Maroc 7 (1967) ***

With a string of Swinging Sixties fashion models providing the requisite bevy of beauties, a gang of thieves, a Moroccan heist, superb locations, great cast and a touch of archaeology with secret chambers and a long-lost relic thrown in, this splendid espionage frolic proves a welcome return to big screen top billing for Gene Barry after nearly a decade in television in Bat Masterson (1958-1961) and  Burke’s Law (1963-1966).

Something of a cat burglar himself, Simon Grant (Barry) infiltrates a gang which uses fashion as a cover and whose ingenious speciality is to steal famous heirlooms and replace them with fake ones in the assumption that on their departure from a foreign country the customs officers will not be able to tell the difference. Louise Henderson (Cyd Charisse) and Raymond Lowe (Leslie Phillips) head up the gang while Claudia (Else Martinelli) may or may not be in on the act.

Her dalliance with Simon suggests an inclination towards the right side of the law but the fact that she has been involved with the pair for so long sets up the intriguing notion that she is stringing the American agent along. Initially, she rejects Simon’s advances until told by Louise to comply and pump him for information leading to one of the movie’s best lines (and innuendo that a British audience in particular would adore). Says Simon: “We haven’t done much about pumping but maybe that will come later.”  Doubts also surround the intentions of Michelle Craig (Alexandra Stewart).  On their trail is Inspector Barrada (Denholm Elliott).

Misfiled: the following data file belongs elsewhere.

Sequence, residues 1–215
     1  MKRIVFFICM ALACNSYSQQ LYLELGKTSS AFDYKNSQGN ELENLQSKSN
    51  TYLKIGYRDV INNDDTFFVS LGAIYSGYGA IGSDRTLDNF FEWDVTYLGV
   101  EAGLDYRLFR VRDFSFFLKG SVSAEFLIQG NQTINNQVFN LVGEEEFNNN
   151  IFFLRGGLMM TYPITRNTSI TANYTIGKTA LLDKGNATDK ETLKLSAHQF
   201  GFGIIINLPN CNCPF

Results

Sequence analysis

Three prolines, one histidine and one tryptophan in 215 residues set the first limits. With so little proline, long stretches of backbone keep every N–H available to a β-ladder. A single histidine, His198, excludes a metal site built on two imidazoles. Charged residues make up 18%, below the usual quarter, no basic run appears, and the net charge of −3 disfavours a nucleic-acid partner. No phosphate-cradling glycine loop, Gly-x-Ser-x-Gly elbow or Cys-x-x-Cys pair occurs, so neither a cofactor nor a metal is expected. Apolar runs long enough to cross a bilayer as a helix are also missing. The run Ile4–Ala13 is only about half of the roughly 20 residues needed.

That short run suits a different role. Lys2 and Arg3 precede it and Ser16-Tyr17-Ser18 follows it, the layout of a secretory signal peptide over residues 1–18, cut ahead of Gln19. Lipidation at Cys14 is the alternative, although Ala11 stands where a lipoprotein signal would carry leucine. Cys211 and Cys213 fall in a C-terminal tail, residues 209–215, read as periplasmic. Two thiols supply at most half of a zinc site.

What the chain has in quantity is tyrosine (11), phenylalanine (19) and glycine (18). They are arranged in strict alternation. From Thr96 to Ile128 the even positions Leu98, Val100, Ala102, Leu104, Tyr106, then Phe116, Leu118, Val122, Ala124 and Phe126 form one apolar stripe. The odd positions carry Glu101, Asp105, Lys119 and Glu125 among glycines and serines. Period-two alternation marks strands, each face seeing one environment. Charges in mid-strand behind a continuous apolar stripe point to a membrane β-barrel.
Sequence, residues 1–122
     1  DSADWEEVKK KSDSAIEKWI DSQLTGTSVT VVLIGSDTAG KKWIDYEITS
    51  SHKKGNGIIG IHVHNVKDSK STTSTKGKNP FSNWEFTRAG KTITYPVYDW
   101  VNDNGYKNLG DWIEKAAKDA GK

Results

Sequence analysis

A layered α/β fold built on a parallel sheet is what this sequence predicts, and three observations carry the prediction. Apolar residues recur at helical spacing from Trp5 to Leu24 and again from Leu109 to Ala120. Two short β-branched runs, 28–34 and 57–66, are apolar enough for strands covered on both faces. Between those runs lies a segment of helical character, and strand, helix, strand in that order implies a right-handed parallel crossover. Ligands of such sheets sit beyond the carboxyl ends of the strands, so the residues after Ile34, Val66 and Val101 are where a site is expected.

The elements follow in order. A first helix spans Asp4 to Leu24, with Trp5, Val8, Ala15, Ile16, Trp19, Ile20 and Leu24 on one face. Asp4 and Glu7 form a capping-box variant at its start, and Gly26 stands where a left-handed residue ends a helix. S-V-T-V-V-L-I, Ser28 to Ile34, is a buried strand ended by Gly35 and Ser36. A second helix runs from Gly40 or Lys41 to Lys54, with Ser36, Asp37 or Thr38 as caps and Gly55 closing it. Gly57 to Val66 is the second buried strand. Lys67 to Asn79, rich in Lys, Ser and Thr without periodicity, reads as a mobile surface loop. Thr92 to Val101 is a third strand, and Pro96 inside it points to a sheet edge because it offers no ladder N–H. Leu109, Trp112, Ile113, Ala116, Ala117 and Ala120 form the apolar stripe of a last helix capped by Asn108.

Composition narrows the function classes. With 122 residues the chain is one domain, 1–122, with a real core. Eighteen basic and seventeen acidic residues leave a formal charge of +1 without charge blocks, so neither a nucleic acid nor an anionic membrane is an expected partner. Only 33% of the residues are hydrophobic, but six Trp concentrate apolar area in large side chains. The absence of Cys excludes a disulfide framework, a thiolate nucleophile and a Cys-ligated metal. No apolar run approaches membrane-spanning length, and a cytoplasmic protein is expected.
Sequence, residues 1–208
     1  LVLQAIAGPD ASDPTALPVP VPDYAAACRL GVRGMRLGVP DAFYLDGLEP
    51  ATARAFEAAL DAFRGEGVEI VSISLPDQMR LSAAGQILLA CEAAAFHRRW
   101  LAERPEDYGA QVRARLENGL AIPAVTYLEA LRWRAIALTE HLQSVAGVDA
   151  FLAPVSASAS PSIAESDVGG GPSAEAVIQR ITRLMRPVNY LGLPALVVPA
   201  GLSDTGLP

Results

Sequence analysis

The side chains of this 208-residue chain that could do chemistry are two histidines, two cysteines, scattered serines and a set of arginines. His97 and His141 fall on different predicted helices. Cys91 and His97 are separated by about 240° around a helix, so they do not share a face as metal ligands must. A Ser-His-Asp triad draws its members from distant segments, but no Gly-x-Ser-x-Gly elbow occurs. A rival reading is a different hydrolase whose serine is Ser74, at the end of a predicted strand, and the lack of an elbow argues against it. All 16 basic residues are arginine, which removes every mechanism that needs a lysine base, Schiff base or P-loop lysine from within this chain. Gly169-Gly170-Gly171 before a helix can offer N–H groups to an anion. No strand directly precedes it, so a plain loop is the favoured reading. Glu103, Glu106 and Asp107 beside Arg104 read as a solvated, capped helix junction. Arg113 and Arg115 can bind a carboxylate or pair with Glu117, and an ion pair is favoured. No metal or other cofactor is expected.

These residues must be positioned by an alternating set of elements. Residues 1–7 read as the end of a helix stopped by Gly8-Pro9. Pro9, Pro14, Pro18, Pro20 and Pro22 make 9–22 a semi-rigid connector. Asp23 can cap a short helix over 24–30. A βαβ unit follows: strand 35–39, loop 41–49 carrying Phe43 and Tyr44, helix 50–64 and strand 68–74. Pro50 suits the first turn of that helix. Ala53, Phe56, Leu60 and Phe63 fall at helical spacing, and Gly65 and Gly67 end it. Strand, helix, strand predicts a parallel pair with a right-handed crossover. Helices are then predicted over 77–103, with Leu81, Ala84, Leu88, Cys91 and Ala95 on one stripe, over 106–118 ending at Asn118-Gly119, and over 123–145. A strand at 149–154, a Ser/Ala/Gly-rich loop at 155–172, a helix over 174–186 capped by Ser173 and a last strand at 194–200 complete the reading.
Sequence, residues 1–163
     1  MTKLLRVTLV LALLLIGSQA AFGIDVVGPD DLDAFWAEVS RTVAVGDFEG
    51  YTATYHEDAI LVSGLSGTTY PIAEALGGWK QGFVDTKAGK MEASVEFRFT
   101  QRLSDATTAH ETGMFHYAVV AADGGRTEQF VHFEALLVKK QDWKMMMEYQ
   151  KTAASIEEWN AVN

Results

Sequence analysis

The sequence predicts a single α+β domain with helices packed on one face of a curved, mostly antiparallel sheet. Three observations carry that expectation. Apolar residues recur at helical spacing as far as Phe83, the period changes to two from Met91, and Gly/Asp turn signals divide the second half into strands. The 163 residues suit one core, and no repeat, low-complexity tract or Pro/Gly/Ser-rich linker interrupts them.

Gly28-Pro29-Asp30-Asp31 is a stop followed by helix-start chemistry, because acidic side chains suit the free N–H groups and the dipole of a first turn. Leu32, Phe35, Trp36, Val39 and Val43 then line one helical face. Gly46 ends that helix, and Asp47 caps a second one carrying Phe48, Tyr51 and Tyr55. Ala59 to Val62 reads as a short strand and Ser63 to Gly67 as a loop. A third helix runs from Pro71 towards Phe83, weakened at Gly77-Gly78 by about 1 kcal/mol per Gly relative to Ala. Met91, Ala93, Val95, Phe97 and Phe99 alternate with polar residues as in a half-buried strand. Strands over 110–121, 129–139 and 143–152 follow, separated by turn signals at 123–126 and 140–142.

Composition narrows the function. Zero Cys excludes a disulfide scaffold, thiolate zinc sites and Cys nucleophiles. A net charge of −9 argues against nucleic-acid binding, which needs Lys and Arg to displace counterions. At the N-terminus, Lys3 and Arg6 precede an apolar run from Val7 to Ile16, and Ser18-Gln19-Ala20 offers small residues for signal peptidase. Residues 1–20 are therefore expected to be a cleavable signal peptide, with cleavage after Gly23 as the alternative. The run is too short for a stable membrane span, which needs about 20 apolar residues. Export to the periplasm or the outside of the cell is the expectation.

There is mystery aplenty and a fair quotient of punch-ups, romance, shoot-outs and murder while the unearthing of the hidden treasure is less heist amd more straightforward Indiana Jones. The fashion is the icing on the cake. The Moroccan fashion shoots are more than merely decorative, or an excuse to bare the charms of the gorgeous models. Instead, the shoots would not disgrace Vogue or any of the other glossy magazine temples to haute couture, with that Sixties focus on fabulous clothes, genuine location and outlandish hairstyles.

On top of that, several of the stars are either playing against type or out of their comfort zones. Legendary Hollywood dancer Cyd Charisse famed for such classic musicals as The Bandwagon (1953) and Silk Stockings (1957) sets such fluff aside to essay a criminal mastermind, whose cunning often gets the better of Simon. Leslie Phillips (Crooks Anonymous, 1962), better known as a charming Englishman with an eye for the ladies, is as ruthless a photographer as he is a criminal. Director Gerry O’Hara (The Pleasure Girls, 1965) has managed to get both Phillips and Denholm Elliott to drop their standard methods of delivery, usually embracing a drawl, making their characterisations a good bit more fresh than normal. Phillips was clearly intending to make some kind of career change since he was the producer.